The Katharine & George Alexander Community Law Center, along with four other organizations, has been awarded a $300,000, two-year grant from the US Department of Justice to help victims of human trafficking, a little-known but persistent problem in the South Bay area.

For the past six years, KGACLC has been a member of the South Bay Coalition to End Human Trafficking, which includes at least a half-dozen law enforcement agencies, divisions and task forces. KGACLC provides immigration-related legal representation to victims, who are typically entitled to legal residency if their case is validated and pursued by law enforcement.

Locally, victims of human trafficking tend to be immigrants brought to the U.S. (legally or illegally) under false pretenses by friends, relatives or purported employers, only to be forced to work excessively long hours at little or no pay. KGACLC has counseled more than a dozen such victims who worked in local restaurants, homes, agricultural settings or in sex trades. Victims are men, women, and children from countries throughout the world, but can also include citizens and residents of the United States.

The $300,000 grant, given over two years, will be used to continue the work of the South Bay Coalition in conjunction with the San Jose Police Department Human Trafficking Task Force. KGACLC will share this grant with Next Door Solutions to Domestic Violence, Community Solutions, the YWCA Rape Crisis Center and Santa Clara County’s Office of Women’s Policy in order to provide comprehensive, coordinated legal and social services to victims of human trafficking.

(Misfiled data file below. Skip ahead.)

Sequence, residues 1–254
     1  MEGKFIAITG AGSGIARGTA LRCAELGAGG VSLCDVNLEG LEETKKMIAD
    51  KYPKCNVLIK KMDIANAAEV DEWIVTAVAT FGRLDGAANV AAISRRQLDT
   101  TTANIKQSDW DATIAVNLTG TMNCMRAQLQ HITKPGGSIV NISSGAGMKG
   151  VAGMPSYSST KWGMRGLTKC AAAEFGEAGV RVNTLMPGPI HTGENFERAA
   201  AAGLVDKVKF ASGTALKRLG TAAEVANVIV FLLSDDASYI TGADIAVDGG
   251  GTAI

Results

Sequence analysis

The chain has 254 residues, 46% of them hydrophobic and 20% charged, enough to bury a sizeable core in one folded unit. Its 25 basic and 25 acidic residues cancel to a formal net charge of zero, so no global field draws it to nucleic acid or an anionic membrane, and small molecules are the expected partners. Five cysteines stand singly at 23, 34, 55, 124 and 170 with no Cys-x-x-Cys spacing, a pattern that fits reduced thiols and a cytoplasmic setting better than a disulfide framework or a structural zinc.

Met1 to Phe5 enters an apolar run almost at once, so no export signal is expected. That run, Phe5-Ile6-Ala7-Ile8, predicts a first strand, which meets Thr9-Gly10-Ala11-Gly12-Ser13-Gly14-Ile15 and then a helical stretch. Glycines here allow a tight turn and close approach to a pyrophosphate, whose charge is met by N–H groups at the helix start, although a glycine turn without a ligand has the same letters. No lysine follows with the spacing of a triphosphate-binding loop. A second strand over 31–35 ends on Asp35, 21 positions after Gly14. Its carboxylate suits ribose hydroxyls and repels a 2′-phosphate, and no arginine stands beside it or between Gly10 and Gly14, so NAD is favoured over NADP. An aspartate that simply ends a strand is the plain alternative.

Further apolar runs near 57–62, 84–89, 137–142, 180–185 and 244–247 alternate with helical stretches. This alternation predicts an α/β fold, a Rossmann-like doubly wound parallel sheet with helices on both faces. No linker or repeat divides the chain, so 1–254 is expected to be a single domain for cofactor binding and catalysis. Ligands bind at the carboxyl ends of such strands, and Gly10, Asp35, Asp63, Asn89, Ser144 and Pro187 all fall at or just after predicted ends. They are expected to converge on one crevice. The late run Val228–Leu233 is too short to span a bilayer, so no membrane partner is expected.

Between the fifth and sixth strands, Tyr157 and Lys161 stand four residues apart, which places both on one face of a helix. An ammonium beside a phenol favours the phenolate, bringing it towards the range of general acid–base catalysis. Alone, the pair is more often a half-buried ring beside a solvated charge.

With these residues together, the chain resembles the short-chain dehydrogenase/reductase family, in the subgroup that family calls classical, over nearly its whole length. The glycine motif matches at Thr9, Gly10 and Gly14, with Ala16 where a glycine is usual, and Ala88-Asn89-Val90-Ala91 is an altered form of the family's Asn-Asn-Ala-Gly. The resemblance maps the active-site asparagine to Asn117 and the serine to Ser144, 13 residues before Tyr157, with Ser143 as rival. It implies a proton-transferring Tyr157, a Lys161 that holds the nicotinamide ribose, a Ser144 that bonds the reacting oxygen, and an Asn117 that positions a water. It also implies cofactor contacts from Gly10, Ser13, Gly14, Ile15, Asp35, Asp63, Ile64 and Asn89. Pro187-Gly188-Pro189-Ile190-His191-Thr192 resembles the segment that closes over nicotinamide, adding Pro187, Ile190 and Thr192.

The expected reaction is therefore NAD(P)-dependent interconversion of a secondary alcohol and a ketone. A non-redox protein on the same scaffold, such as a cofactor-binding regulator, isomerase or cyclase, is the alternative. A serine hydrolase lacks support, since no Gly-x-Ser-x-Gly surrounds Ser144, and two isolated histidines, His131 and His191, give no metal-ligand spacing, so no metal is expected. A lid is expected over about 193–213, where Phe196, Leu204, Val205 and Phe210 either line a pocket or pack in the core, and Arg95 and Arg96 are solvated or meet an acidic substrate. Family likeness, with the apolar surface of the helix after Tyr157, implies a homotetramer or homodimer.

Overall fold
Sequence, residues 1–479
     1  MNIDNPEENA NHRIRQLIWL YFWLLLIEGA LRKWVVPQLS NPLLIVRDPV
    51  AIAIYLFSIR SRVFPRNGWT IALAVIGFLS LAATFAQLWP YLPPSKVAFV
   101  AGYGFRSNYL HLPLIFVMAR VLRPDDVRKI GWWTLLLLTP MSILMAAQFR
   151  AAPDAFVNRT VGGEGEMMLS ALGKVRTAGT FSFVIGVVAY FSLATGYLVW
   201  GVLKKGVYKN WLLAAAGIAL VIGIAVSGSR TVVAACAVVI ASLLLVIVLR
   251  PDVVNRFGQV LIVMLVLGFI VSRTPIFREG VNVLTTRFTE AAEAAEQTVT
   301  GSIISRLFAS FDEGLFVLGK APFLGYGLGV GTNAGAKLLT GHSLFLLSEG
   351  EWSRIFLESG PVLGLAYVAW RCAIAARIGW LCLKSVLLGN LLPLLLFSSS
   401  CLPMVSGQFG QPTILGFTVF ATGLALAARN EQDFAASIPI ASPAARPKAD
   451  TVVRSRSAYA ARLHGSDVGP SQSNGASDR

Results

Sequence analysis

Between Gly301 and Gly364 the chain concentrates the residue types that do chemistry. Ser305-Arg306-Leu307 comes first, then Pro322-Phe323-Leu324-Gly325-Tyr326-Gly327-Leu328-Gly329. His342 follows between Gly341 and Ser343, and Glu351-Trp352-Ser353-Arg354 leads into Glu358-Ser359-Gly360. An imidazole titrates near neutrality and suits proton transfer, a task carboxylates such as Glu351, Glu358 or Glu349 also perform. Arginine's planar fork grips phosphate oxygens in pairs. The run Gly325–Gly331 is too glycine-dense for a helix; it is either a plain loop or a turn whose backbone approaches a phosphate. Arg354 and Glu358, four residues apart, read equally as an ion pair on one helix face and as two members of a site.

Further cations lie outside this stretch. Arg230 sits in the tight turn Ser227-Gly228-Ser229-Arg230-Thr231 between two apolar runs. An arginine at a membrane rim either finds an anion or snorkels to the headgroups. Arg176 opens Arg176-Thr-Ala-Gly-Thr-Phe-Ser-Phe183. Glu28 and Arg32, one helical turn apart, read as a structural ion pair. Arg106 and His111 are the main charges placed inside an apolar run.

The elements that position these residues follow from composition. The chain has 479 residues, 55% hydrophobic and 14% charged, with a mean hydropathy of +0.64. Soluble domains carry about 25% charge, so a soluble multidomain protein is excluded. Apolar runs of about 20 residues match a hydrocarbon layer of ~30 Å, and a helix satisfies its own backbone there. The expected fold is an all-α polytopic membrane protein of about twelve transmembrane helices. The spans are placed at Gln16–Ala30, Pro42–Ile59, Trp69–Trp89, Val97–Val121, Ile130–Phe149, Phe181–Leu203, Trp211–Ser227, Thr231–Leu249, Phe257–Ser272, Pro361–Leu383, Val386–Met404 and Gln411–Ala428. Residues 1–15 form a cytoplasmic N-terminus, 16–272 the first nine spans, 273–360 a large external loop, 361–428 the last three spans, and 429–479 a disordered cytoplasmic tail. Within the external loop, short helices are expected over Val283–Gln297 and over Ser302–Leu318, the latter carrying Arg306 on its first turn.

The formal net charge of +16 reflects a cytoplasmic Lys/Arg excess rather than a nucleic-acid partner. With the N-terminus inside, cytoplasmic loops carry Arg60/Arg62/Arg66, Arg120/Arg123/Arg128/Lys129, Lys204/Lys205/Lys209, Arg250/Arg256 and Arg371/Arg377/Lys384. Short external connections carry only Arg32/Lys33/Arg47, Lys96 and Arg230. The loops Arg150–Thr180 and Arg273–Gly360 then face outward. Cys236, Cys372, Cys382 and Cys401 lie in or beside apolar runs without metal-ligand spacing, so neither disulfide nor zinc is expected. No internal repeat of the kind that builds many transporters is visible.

The Coalition ( works in partnership with the San Jose Police Department Human Trafficking Task Force (, which comprises the San Jose Police Department, the Santa Clara County Sheriff’s Office, Santa Clara County District Attorney’s Office, the Federal Bureau of Investigation, the US Attorney’s Office, Immigration & Customs Enforcement, and other law enforcement agencies. The Coalition and Task Force work closely to identify and serve victims of human trafficking through a victim-centered approach.

"This is the closest thing we have in America to modern-day slavery," said Lynette Parker, immigration law attorney with the Katharine & George Alexander Community Law Center. "This grant honors the hard work of both the county-wide task force and law enforcement officials in San Jose and Santa Clara County who strive to combat this problem in a highly coordinated, cooperative way."

The funding is expected to facilitate better tracking of services provided to victims, establish more long-range policies and procedures, and identify and close any potential gaps in services.

Patty Bennett, an Advocacy Manager at Next Door Solutions said the grant will take the Coalition to "the next level of coordination and service" and also help victims with "empowerment money" to buy clothes and the basic necessities for her clients "to make life just a little easier after their ordeal."